Rather, it was everything. And in one spring, Smith already seemed to develop a trust in his slot receiver. The Redskins have other targets who pleased Smith — and he still hasn’t worked with tight end Jordan Reed. That won’t happen until some point in training camp as Reed recovers from toe surgeries.
But Crowder is the most proven of the wide receivers, with three consecutive 60-plus catch seasons as he enters his fourth year. There’s a reason Smith smiles when asked about Crowder, a guy he clearly clicked with this spring.
“Super talented,” Smith said. “Such great feel. Such great instincts. Such great vision.”
It’s a mutual admiration, too.
“He knows the game, he knows how to see defenses, see different coverages,” Crowder said. “By him having that experience, he knows how to put the ball in the right place. … You can already see that we can do a lot of great things as a unit.”
Their skills should mesh quite well once the season begins. Crowder has been productive in his first three seasons, with 192 combined receptions and 12 touchdowns.
His best season in the slot was his second year in 2016 when he averaged 13.43 yards per catch — and had seven touchdowns — when aligned in this area, according to ESPN Stats & Information. Only four players with at least 30 receptions from the slot had a better yards per catch that season.
That season, it was quarterback Kirk Cousins’ second year starting, and the Redskins also had proven veterans such as Pierre Garcon and DeSean Jackson outside. That combination freed Crowder. Also, it allowed for different routes, as the average air yards per target on these throws to Crowder was a career-high 8.29.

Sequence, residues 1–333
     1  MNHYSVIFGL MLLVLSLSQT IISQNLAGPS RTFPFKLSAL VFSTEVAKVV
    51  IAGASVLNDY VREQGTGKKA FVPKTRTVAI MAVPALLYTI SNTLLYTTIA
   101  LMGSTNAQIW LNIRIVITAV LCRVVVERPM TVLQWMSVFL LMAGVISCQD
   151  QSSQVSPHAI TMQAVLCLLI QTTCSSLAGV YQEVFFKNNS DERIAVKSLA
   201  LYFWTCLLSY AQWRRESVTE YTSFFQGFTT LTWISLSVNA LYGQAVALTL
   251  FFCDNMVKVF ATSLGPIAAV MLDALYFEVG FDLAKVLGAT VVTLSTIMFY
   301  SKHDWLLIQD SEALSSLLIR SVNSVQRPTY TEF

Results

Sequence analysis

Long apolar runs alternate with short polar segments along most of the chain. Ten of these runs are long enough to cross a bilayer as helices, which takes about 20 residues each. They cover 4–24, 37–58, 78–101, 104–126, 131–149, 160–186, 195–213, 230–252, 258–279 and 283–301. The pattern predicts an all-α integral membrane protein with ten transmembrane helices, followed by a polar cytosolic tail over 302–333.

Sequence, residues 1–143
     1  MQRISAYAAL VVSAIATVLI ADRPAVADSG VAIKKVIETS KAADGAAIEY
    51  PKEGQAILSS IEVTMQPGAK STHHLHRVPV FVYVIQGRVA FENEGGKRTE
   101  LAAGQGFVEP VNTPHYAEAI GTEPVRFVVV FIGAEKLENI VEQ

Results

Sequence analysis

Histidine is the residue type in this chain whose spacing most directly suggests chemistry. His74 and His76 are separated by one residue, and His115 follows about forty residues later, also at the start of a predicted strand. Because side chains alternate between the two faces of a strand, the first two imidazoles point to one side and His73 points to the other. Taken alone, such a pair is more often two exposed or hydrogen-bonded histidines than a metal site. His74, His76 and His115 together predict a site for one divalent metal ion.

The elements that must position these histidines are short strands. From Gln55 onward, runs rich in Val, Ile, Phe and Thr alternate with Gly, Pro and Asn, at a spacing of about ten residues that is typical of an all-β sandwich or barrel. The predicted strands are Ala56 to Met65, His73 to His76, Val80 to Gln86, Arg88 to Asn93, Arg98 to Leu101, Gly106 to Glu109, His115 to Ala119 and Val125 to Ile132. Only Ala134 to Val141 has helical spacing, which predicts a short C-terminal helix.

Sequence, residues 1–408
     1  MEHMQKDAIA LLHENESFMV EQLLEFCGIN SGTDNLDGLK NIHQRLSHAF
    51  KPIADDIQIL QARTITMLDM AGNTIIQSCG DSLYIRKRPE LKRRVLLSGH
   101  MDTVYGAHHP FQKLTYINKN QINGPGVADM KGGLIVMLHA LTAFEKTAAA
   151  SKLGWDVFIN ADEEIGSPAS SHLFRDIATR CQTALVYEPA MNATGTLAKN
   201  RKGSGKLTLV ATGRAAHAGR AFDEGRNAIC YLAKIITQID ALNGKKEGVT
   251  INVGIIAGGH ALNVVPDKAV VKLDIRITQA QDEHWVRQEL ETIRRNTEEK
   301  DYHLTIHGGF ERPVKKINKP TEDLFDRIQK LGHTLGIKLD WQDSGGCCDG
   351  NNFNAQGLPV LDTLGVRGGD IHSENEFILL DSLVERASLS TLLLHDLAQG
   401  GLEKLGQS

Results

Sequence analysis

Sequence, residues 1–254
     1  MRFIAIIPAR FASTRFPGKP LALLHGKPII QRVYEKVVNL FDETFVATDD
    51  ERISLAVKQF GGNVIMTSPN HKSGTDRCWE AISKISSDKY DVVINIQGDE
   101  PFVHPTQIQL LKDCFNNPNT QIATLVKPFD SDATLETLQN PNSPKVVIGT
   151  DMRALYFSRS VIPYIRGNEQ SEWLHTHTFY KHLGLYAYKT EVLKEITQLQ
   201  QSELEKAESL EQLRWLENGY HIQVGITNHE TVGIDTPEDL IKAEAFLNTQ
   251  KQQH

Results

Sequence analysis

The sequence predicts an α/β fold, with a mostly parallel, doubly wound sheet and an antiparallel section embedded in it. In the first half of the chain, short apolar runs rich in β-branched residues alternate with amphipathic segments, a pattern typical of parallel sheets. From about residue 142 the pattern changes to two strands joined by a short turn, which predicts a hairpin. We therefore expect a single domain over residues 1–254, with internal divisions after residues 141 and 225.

Another fact worth noting: In the past five years, Smith owns a combined 102.8 quarterback rating when targeting slot receivers. That’s third best in the NFL over that time for quarterbacks who have made at least 30 starts, trailing only Aaron Rodgers and Russell Wilson. Smith owns the ninth-most completions to slot receivers in that period.
The Redskins hope more of the same follows this season. They have a quarterback patient enough to move the ball underneath in Smith, if that’s what the defense allows.
And it was evident this spring how Crowder can be effective with this offense. The Redskins could clear out areas by aligning him on the same side with Josh Doctson and Paul Richardson, both of whom can make plays down the field. That enables Crowder to work underneath; he’s adept at finding soft spots in zones and has the quickness to better shake man coverage by running across the field to a vacated area.
“That will help out a lot,” Crowder said. “It’s similar to when DJax was here. Paul has that ability to go over the top and the defense has to back up and they have to honor that, and then when [Reed] is back healthy, he’ll definitely open it up for me and other guys as well.”
But what Smith likes can be boiled down to one word: trust.
“He’s so easy to read as a quarterback,” Smith said. “Such great body control, body language. He sees defenses well and it’s hardest to do that in between the hashes. You get so many looks and leverages and you have to handle all those things. He’s decisive and he’s so friendly. He’s always coming back to the ball, always working for you. Those are things you know as a quarterback come crunch time that here’s a guy who will constantly work his tail off to get open. He wants the ball. You love that as a quarterback.”
Crowder’s contract expires after the season, making this a pivotal one for him. But he’s also coming off a year in which he was plagued by hamstring issues. To help, he returned to Duke University this offseason and worked out the way he had when he played for the Blue Devils. He said he focused on his entire body, but he also did more power cleans and hang cleans.
“When I was at Duke, I didn’t have hamstring issues, maybe one or two, so I went back and did more dynamic lifts that I did in college,” he said. “I feel great now … It was frustrating [last year]. When you go out there with a lingering injury, you’re already setting yourself behind.”
Running back Chris Thompson said Crowder looked more explosive and kept up with him when running sprints in a way he hadn’t in the past. Others have noticed it, too.
“He always gets better because he wants to be a great player,” tight end Vernon Davis said. “He’s a dangerous player. He’s quick, he’s elusive. He can do it all — he can run, catch. He’s one of those players you want on your team.”